CAPE TOWN, (Reuters) – South African talisman AB de Villiers announced his retirement from all forms of international cricket yesterday, saying he was tired and wanted to step out while still at the top.
“After 114 test matches, 228 one day internationals and 78 T20 internationals it is time for others to take over. I’ve had my turn and to be honest I’m tired,” he said in a video message on Twitter and in a statement. “This is a tough decision, I have thought long and hard about it and I’d like to retire while still playing decent cricket. After the fantastic (test) series wins against India and Australia, now feels like the right time to step aside. “It would not be right for me to pick and choose where, when and in what format I play for the Proteas. For me, in the green and gold, it must be
everything or nothing,” he added. The 34-year-old, whose swashbuckling batting style and razor sharp fielding has made him one of the sport’s leading lights, only returned to test cricket in December after a lengthy hiatus where he focused on the limited overs formats of the game. “It’s not about earning more somewhere else, it’s about running out of gas and feeling that it is the right time to move on,” he said. “Everything comes to an end. To the cricket fans around South Africa and the world, thank you for your kindness and generosity, and today, for your understanding. “I have no plans to play overseas, in fact, I hope I can continue to be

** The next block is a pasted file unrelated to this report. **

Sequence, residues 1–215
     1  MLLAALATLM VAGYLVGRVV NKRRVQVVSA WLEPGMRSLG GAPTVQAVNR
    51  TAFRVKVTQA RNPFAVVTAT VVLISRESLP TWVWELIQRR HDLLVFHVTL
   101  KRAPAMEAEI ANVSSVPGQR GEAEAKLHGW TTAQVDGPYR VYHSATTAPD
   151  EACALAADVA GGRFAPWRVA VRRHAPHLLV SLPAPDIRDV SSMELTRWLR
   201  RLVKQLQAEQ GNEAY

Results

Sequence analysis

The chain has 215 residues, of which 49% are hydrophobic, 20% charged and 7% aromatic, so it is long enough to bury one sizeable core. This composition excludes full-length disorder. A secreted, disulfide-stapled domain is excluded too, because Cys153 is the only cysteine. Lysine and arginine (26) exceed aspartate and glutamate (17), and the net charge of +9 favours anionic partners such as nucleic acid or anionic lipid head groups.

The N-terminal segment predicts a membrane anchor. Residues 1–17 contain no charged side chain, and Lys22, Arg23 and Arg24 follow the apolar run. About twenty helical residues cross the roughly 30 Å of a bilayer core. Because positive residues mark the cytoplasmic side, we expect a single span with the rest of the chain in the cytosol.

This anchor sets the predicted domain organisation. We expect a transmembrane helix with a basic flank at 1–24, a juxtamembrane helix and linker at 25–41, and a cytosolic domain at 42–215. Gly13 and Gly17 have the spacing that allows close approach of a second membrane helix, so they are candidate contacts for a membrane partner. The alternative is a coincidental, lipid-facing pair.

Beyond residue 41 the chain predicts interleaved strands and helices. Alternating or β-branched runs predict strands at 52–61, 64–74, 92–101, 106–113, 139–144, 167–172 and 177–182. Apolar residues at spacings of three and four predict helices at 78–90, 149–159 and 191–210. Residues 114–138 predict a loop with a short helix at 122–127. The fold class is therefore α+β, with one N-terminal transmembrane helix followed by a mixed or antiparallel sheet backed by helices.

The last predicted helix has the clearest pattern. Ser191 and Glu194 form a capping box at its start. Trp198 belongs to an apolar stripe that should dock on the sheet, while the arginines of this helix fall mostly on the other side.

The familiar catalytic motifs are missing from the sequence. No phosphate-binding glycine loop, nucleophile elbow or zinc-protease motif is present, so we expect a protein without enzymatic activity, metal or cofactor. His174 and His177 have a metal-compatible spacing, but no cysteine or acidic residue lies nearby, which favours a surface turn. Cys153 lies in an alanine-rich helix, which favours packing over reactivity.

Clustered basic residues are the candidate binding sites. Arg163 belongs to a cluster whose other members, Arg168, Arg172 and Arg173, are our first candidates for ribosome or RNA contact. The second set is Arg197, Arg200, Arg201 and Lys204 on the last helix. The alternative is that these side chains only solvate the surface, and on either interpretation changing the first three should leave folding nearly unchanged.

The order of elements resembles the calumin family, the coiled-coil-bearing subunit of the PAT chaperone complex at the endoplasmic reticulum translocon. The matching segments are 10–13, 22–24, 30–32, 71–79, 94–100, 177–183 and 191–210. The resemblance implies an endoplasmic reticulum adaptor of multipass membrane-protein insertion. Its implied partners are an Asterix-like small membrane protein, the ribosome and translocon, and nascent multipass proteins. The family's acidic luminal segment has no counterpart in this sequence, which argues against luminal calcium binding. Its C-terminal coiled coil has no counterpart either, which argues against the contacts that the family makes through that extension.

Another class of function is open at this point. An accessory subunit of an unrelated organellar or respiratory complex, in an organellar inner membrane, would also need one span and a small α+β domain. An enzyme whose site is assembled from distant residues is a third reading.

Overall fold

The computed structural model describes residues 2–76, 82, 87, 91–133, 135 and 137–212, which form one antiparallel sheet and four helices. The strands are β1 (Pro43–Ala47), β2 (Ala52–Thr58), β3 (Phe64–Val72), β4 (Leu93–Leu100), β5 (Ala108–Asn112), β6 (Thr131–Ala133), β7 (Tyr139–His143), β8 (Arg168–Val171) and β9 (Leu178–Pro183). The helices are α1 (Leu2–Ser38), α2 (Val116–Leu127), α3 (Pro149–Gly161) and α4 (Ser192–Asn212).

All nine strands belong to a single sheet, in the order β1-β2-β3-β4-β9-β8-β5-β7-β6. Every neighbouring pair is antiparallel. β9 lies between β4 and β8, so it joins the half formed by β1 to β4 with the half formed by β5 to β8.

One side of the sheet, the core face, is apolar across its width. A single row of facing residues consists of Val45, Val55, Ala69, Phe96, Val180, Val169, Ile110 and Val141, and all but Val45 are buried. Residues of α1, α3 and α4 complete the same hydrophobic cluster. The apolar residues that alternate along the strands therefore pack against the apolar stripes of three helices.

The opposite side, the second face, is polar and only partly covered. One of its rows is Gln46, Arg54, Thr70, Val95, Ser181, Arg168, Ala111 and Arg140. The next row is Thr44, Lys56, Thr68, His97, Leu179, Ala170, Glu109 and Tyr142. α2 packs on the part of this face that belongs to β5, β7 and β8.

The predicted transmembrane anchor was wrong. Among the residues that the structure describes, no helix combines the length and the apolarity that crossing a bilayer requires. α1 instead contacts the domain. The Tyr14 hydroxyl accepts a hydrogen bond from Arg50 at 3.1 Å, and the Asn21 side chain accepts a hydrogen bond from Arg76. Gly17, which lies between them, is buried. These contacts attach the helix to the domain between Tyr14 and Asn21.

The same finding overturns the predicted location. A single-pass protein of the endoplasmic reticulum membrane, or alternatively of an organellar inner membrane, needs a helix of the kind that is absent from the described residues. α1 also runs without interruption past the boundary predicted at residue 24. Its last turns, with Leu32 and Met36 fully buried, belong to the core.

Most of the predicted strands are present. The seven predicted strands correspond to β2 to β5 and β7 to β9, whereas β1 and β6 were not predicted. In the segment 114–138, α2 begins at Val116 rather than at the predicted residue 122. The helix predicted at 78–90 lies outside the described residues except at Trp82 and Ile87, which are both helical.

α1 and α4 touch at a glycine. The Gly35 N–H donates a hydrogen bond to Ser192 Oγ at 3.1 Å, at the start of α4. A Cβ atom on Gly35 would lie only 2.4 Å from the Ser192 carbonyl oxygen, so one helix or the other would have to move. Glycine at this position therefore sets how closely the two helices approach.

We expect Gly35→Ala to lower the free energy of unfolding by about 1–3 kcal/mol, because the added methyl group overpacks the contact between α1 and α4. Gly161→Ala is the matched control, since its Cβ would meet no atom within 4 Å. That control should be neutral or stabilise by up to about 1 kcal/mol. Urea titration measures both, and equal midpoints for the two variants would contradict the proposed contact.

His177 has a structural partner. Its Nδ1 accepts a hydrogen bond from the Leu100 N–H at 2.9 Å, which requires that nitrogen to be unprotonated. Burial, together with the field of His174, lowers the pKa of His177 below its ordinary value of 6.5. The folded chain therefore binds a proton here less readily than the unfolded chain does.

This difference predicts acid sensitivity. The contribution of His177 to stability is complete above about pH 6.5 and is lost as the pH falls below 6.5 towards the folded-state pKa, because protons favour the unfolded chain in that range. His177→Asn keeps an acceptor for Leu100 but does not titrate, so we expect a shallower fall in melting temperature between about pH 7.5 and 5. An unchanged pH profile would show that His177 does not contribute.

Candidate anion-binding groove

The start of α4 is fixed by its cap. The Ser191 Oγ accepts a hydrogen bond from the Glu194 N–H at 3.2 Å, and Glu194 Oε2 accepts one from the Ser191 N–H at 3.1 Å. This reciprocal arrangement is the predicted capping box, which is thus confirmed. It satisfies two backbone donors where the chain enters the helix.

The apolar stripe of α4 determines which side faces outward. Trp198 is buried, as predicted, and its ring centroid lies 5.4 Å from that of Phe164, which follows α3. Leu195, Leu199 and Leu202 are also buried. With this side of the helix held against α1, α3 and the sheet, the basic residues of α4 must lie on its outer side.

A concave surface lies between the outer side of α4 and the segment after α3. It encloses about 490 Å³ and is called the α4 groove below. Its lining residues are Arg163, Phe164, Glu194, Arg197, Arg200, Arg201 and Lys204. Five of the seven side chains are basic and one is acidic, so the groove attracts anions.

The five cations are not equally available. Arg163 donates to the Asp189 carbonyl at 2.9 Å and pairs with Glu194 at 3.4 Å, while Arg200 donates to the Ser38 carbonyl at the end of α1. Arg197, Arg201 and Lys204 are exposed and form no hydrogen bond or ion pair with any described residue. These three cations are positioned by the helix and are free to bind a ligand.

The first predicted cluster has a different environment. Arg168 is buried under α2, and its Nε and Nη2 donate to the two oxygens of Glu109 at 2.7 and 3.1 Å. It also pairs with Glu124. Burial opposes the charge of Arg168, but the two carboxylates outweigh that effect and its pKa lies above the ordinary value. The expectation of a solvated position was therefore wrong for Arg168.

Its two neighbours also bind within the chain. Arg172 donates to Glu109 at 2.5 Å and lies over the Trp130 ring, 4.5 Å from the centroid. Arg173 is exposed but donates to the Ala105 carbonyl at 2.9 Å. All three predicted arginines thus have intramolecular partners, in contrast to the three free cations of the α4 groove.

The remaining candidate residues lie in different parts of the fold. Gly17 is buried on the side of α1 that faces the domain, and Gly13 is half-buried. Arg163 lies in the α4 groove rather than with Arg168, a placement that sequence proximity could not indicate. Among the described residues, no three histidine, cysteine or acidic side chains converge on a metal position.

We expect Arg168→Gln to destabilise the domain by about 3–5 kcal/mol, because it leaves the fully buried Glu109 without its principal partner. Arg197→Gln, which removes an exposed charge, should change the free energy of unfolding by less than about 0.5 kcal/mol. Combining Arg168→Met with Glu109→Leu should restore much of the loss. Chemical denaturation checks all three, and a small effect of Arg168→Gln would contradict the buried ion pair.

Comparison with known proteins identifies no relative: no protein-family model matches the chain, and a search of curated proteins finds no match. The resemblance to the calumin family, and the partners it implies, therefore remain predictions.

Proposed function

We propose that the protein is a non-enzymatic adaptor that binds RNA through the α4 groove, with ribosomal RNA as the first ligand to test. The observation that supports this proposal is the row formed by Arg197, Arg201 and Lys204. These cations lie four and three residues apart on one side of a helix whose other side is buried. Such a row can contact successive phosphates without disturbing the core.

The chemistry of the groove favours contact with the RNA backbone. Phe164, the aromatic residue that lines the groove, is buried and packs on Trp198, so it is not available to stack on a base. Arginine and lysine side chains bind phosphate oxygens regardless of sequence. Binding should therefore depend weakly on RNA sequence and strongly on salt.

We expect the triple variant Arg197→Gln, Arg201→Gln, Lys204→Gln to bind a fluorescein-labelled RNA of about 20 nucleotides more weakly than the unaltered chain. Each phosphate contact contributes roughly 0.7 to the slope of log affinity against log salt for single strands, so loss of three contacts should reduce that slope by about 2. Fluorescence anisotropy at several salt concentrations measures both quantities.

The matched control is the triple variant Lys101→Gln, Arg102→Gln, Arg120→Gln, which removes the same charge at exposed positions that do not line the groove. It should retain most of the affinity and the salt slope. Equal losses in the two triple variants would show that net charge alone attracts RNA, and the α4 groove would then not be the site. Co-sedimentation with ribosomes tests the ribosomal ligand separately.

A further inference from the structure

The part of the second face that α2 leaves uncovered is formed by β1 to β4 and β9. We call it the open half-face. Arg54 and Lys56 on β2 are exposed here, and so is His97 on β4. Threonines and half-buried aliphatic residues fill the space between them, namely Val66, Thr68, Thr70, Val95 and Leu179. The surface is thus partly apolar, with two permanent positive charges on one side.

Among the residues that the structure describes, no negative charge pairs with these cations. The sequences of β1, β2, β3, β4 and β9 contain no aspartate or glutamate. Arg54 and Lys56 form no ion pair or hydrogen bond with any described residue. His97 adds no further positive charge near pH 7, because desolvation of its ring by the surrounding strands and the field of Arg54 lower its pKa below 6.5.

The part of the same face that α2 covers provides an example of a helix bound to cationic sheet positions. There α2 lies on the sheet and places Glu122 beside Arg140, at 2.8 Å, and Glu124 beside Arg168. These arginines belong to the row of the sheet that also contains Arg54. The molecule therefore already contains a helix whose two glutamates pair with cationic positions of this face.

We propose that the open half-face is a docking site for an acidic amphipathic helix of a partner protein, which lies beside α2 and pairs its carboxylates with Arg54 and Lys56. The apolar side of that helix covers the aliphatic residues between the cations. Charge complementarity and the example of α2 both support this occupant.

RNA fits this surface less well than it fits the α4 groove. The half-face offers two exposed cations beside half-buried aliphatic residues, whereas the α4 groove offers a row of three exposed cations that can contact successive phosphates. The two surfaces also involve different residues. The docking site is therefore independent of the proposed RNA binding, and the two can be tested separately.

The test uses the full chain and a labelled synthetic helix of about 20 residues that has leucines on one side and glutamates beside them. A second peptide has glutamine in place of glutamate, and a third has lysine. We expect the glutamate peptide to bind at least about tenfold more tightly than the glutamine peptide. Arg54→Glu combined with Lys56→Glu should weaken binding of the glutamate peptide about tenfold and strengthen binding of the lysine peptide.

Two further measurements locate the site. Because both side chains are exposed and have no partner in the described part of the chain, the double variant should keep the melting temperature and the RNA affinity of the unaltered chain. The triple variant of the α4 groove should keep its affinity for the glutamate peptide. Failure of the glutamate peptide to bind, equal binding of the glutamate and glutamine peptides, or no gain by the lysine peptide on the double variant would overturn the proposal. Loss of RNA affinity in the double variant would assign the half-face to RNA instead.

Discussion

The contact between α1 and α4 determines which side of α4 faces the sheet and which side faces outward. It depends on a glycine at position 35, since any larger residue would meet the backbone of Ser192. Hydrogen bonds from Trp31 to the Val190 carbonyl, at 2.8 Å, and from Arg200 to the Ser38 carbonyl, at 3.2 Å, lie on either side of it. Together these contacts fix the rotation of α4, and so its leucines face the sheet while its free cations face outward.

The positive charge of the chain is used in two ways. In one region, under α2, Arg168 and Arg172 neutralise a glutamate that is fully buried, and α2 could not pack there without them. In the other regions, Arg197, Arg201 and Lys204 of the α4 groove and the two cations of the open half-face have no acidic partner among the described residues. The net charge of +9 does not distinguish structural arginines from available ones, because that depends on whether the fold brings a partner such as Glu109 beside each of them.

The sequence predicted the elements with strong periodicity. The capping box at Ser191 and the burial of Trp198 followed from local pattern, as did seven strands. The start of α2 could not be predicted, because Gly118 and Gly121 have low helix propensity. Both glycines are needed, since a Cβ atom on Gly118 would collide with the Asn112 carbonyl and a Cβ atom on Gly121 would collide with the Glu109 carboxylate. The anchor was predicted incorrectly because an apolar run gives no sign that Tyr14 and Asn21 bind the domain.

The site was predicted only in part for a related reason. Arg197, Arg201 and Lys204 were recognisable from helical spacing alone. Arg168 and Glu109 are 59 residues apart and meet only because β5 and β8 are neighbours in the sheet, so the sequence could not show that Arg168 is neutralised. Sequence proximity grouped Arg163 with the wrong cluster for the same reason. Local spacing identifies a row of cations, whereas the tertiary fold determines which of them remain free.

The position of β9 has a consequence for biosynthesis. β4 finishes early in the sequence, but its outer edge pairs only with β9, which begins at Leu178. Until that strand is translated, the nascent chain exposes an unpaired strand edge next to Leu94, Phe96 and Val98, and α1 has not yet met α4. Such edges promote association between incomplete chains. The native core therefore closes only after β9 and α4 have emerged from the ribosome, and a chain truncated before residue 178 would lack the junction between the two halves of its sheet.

available for the Titans in domestic cricket. I will continue to be the biggest supporter of (captain) Faf du Plessis and the Proteas.”
With a young family, De Villiers has hinted at international retirement in the last few years, but this past season committed to playing for his country in all three formats.
In his 2016 autobiography, he revealed he had two major career goals remaining — to beat Australia in a home test series and win the Cricket World Cup.
He achieved the first of those earlier this year, but said last month he was no longer as determined to complete the second in England next year. “I’m taking it one game at a time,” De Villiers was quoted as saying by the International CricketCouncil website. “My ultimate dream is not to win a World Cup. I’ve changed my mindset. I feel it will be nice to win it, it’ll be a bonus, but if I don’t, it’s not going to define my career.”
De Villiers retires with a test average of 50.66 and as the fourth-highest scorer for South Africa with 8,765 runs. He made 22 test centuries and also took 222 catches and five stumpings, having spent part of his career in the role of wicketkeeper.
In ODI cricket, he holds the records for the fastest 50 (16 balls), 100 (31 balls) and 150 (64 balls). “AB is one of the all-time greats of South African cricket who has thrilled spectators around the world with his sheer brilliance, coupled to his ability to innovate and take modern day batting in all three formats but particularly in the white ball ones to new levels,” said Cricket South Africa president Chris Nenzani.